Successor and feasible successor explained

Two terms that you will often encounter in the EIGRP world are the successor and feasible successor. Here are the definitions of these two terms:

  • successor – the route with the best metric to reach a particular network. This route will be placed in the routing table.
  • feasible successor – alternative routes to a particular network that can be used immediately if the currently best route (the successor) fails, without causing a routing loop. These routes are stored in the EIGRP topology table.

Not all alternative routes to a particlar network will become feasible successors. In order for a route to become a feasible successor, the following condition must be met:

the neighbor’s advertised distance (AD) for the route must be less than the successor’s feasible distance (FD).

The definition above can be more easily understood with an example:

successor feasible successor example

We have a network of five routers, all running EIGRP. R5 has advertised the 10.0.0.0/24 subnet. R1 has three paths to reach the 10.0.0.0/24 subnet:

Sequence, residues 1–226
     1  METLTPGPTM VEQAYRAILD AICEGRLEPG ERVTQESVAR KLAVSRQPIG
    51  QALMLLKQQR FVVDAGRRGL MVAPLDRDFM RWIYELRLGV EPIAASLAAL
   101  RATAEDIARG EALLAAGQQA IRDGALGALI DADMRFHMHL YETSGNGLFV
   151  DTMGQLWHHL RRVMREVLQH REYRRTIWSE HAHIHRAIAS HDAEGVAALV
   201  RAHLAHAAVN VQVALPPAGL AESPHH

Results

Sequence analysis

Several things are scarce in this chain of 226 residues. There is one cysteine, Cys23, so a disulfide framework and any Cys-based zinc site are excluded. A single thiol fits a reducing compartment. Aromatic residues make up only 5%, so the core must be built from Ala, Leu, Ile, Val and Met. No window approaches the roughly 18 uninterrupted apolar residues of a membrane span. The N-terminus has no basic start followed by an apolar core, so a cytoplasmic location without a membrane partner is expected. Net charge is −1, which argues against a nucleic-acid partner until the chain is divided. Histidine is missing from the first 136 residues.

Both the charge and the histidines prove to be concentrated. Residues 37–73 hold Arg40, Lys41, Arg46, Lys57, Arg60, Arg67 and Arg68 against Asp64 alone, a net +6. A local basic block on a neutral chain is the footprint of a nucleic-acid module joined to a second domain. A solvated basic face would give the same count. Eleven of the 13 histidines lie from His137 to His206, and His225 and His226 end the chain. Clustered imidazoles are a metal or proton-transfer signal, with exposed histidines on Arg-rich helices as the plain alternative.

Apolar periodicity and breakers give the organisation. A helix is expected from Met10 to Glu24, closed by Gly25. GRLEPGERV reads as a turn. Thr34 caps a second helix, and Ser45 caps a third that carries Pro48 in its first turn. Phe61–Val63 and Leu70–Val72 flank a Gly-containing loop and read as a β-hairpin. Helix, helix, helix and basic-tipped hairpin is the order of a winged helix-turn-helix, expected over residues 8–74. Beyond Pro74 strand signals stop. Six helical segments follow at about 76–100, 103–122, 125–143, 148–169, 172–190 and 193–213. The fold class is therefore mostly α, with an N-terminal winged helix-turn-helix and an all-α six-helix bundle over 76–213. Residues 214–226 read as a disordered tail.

• R2 > R5 – let’s say that this is the best route (the successor route). This route will be placed in R1’s routing table, with the metric of 30.
  • R3 > R2 > R5 – for a route to become a feasible successor, the neighbor’s advertised distance (AD) for the route must be less than the successor’s feasible distance (FD). This is not the case here – R3 has advertised the metric of 50 to reach 10.0.0.0/24, which is greater that the feasible distance of R1 (30).
  • R4 > R5 – this route will become a feasible successor route, since R4’s advertised distance is less than the successor’s feasible distance (25 < 30). This route will be placed in R1’s topology table and can be used immediately if the best route fails.

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